The main problem with track events is that you’re given such limited seat time with any given vehicle that it doesn’t leave a lasting impression. The Nissan GT-R, as you probably guessed, is one big exception. My run with it was limited to just a handful of laps around the Gran Turismo-sounding Sodegaura Forest Raceway and a single hot lap with a professional NISMO race driver; yet it’s all that took to make me re-think if the laws of physics actually existed.
The GT-R I flogged around the track isn’t the 2017 model, so it doesn’t do the 565 horsepower and 633 Nm of torque that now comes standard. Yet, despite being some 20 horsepower and 5 Nm of torque down, it’s quick—blistering and scarily quick. Punch the throttle and it’ll smash the century mark in about three seconds. It easily lives up to its Godzilla nickname, punching, kicking, and rearranging my innards even before I approach the first turn.
The 3.8-liter twin-turbo V6, meticulously assembled by one master craftsman per car, was pure engine music. It’s the sort of soundtrack that announced a thunderous presence, like a raging growl of a monster in full attack mode. It was pure mechanical bliss. It was magical. The 6-speed dual clutch never once lost a beat thanks to its lightning-quick shifts.
With such a large frame and a heavy 1,740-kilogram curb weight, the first thought that crossed my mind is that this car will refuse to turn. Scrub a bit of speed, I thought. Turn a bit more, I thought. What happened next is deserving of a click-bait headline: I was blown away. There it was, a two-ton sports coupe, happily dancing into the tight left-handler. It was beautifully balanced, light and responsive.
Coming out of the corner and winding up my steering, I buried the throttle, and the GT-R let out no drama—the tires didn’t squeal for grip and the steering wheel didn’t saw in protest. The steering provided little feedback as to what the tires were doing, but the quick off-center response was perfect for charging aggressively through the twisty track.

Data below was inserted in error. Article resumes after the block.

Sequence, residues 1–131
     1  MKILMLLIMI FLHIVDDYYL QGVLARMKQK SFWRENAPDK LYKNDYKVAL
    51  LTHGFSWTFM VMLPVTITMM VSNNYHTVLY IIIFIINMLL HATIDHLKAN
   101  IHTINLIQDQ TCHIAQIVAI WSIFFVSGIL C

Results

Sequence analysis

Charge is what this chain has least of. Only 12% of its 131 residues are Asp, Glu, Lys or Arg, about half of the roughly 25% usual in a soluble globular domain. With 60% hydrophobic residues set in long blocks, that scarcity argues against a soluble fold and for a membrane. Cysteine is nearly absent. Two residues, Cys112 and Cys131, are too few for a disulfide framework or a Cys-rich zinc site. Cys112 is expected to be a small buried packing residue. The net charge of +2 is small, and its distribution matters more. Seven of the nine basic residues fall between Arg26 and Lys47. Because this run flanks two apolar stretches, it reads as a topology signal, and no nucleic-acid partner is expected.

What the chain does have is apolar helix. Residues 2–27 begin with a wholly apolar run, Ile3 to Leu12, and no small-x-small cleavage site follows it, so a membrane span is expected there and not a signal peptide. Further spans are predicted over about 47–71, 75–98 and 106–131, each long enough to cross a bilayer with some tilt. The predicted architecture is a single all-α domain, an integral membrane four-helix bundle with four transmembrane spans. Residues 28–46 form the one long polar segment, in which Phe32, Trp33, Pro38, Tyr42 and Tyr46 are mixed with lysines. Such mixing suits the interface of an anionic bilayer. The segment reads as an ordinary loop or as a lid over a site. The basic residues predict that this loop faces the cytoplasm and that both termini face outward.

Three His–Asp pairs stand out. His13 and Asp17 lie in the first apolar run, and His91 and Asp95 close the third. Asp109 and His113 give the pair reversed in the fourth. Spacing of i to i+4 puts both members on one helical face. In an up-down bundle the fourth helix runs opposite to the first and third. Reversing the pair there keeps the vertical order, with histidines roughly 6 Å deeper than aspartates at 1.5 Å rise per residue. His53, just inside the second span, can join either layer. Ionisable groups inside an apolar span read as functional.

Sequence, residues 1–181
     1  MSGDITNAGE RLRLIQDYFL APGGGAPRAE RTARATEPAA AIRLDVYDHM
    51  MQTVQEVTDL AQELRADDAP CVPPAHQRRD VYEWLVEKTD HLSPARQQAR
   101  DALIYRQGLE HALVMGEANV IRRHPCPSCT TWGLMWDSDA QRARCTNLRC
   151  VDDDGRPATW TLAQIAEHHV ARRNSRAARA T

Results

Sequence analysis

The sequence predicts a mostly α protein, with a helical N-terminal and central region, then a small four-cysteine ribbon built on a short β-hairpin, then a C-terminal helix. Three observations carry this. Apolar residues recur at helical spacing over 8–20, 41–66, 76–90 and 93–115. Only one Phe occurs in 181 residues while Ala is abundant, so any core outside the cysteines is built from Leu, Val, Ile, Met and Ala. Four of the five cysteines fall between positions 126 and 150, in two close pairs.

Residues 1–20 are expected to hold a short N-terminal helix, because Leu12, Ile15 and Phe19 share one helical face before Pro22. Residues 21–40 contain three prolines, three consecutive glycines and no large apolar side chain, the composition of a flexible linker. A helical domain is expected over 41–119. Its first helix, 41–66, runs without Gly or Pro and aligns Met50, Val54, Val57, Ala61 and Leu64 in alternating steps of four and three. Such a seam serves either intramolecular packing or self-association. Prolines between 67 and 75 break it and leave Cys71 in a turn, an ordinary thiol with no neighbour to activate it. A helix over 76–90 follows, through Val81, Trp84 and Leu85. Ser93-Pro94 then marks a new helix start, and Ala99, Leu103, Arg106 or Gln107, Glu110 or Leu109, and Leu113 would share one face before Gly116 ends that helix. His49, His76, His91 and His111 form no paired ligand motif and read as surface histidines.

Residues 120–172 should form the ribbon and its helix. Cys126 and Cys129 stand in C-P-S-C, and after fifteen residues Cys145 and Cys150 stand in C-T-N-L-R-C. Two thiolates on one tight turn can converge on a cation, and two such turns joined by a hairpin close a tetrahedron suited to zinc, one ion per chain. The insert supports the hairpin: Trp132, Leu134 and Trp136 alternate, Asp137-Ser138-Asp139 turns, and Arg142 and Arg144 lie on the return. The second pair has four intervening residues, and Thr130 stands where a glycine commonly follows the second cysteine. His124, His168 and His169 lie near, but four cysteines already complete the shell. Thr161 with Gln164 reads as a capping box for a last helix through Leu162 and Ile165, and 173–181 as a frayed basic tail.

The advanced all-wheel drive system did all the complex calculations that kept me pointed in the right direction and for the next couple of corners; I was trying to find the GT-R’s limit. At one point, I playfully tried drifting it mid-corner, to which it obliged; easily corrected by a small flick of the wheel. Suffice to say, the limit found me. By the time I approached the long sweeping final bend onto the start/finish straight, my balls were in my throat.
Godzilla may be a cute nickname, but I found the three-letter badge even more telling. As its name suggests, it itches not only for track laps, but for the wide open road as well. The interior, I find, is astute in its design—ergonomic, straightforward, and precise. The instrument cluster moves vertically with the steering wheel while the Alcantara and leather seats provide body-hugging support. Being from the Land of the Rising Sun though, the GT-R can also suffer from information overload. The center stack reports too much data, overloading my senses like a Japanese game show.
Outside, despite being on sale for a full decade, the GT-R still looks every bit as menacing and eye-catching. The funky and angular design isn’t pretty in the traditional sense, but it’s brutally effective. See one in the rear view mirrors, and you’ll move aside. It looks every bit like a road-going sledgehammer, ready to bludgeon any German or Italian exotic that gets in its way.
It doesn’t matter what I call it—GT-R, R35, or Godzilla—this is one Nissan that’s made a lasting impression. The GT-R is certainly a supercar-stomping, high-tech dynamo and its blend of power, poise, and control is certainly unique. Four laps in and I discover that physics seem to have no hold on this car. I wished my blistering quick laps were because of skill, but it’s not. This car made me feel positively heroic and afraid behind the wheel at the same. It’s the first time any car has managed to do so.
Nissan Philippines, Inc. has confirmed that the R35 GT-R will be sold in the Philippines. The launch window is sometime this year. According to some sources, some dealers have begun taking in reservations. The pricing though is still a moving goal post, with some estimates pegging it at around P 5-million, while others put it closer to P 7-million.